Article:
Wielding a whole arsenal of at-home folk remedies to “treat” phones as we might treat scraped knees or earaches of a family member. Those cures — perhaps best represented by the bowl of dry rice that is the ubiquitous prescription for a soaked phone — are ostensibly about addressing technical issues but in practice they bring phones under a kind of discursive control, helping us make sense (albeit false sense) of their largely obfuscated inner workings.
These folk rituals help us assimilate the “new” into our lives by making it compatible with the old, making it easier to classify and explain. Despite our ostensible modernity and our sense of ourselves as comfortable with technological progress, folk beliefs about technology always bubble up through the cracks, of phone screens and otherwise.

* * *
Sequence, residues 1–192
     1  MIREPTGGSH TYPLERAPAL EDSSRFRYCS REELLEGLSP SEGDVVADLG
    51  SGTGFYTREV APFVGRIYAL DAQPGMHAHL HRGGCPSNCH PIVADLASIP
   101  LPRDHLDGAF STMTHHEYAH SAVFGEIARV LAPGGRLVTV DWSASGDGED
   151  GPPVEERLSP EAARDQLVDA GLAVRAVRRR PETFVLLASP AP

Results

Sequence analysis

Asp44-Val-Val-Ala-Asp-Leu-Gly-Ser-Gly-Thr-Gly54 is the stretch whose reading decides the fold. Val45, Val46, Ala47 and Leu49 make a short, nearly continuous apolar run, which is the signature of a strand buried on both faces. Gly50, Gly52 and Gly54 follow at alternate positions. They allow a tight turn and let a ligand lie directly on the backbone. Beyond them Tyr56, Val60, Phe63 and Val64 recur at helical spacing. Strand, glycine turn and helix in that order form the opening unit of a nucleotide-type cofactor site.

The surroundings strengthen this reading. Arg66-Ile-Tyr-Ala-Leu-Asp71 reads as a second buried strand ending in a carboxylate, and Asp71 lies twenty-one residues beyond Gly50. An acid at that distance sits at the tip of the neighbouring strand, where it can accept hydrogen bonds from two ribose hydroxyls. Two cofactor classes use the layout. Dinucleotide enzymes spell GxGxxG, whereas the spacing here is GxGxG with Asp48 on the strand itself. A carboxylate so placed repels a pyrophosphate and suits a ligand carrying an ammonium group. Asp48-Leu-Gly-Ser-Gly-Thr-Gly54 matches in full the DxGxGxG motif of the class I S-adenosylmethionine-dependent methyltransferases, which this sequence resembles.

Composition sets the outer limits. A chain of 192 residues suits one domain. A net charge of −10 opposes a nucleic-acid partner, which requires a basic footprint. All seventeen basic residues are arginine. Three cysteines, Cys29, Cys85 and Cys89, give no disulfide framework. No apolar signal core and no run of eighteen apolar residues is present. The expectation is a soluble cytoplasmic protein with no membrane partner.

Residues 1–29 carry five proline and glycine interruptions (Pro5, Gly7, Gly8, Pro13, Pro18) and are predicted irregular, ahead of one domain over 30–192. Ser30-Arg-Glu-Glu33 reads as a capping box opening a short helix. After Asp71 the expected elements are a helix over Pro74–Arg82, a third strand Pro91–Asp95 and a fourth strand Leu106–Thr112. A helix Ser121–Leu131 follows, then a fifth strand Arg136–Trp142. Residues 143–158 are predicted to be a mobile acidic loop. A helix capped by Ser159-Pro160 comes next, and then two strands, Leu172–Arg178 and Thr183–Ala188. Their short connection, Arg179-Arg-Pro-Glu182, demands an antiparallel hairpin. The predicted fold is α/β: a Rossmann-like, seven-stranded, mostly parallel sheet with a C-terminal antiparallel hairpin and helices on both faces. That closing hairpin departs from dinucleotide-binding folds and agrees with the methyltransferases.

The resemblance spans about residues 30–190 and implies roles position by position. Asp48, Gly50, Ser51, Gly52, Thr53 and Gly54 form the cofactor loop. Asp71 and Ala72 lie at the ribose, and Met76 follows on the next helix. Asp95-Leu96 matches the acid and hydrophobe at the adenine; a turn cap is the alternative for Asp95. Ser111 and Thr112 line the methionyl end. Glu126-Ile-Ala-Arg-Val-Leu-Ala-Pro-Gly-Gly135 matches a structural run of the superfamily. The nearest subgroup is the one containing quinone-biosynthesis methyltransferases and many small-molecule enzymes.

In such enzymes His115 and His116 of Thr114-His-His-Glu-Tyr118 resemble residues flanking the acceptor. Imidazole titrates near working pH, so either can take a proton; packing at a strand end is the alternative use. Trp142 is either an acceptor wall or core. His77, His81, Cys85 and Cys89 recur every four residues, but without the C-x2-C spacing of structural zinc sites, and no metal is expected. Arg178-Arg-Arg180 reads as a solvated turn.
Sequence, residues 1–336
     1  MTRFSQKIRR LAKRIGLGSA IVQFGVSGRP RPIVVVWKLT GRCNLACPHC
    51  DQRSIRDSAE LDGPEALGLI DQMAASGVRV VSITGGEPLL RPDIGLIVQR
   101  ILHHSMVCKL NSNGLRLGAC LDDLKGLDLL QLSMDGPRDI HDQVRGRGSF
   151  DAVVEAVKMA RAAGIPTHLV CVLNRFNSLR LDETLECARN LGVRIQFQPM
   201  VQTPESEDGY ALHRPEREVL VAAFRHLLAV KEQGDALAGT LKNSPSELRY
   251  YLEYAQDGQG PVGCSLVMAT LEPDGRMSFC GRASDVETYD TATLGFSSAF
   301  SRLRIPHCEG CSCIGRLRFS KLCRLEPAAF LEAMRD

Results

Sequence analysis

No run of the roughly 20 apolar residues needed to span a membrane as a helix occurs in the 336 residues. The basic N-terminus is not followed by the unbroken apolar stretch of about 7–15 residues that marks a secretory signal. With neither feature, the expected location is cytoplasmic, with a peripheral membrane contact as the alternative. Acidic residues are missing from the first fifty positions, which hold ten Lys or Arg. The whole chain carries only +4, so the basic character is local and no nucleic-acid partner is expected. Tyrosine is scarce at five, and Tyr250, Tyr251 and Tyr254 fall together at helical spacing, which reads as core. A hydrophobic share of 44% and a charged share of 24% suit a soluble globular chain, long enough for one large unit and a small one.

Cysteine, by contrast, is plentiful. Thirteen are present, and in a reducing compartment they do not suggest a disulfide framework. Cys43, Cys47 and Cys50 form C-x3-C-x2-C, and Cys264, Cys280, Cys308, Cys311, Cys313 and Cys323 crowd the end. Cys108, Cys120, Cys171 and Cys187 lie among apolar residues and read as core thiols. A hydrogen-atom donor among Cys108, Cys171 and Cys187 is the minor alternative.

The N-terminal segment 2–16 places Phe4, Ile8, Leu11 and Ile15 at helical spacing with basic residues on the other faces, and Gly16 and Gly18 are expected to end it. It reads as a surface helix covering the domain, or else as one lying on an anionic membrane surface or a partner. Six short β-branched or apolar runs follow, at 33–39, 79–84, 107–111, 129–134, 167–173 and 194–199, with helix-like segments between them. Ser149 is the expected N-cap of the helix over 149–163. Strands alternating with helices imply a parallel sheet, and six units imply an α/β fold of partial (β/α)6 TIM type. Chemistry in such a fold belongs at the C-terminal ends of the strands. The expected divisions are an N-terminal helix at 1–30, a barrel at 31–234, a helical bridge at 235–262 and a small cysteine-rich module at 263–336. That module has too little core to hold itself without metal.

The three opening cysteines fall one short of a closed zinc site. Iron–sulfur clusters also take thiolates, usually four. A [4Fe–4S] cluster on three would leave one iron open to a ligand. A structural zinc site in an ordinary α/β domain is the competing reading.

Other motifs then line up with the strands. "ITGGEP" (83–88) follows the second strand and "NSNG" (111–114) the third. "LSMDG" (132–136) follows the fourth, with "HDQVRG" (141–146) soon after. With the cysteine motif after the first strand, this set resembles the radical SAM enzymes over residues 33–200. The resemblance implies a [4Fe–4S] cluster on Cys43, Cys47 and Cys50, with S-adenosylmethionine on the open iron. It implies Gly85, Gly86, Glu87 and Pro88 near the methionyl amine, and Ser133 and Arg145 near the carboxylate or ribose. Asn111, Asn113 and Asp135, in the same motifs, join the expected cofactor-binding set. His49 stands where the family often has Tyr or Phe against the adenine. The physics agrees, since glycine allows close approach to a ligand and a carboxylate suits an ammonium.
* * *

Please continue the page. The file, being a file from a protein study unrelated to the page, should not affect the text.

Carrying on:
There are many ways to define folklore, but where phones are concerned, it often takes the form of jokes, rumors, and personal experience narratives, which feature in the conspiracy theories, panics, joke cycles, and the like that periodically circulate online — some so compelling as to achieve meme status, as with the tweets from 2017 about the “FBI agent watching me through my phone,” or a more recent TikTok challenge that claims to identify unfaithful boyfriends based on whether they put down their cell phones face up or not.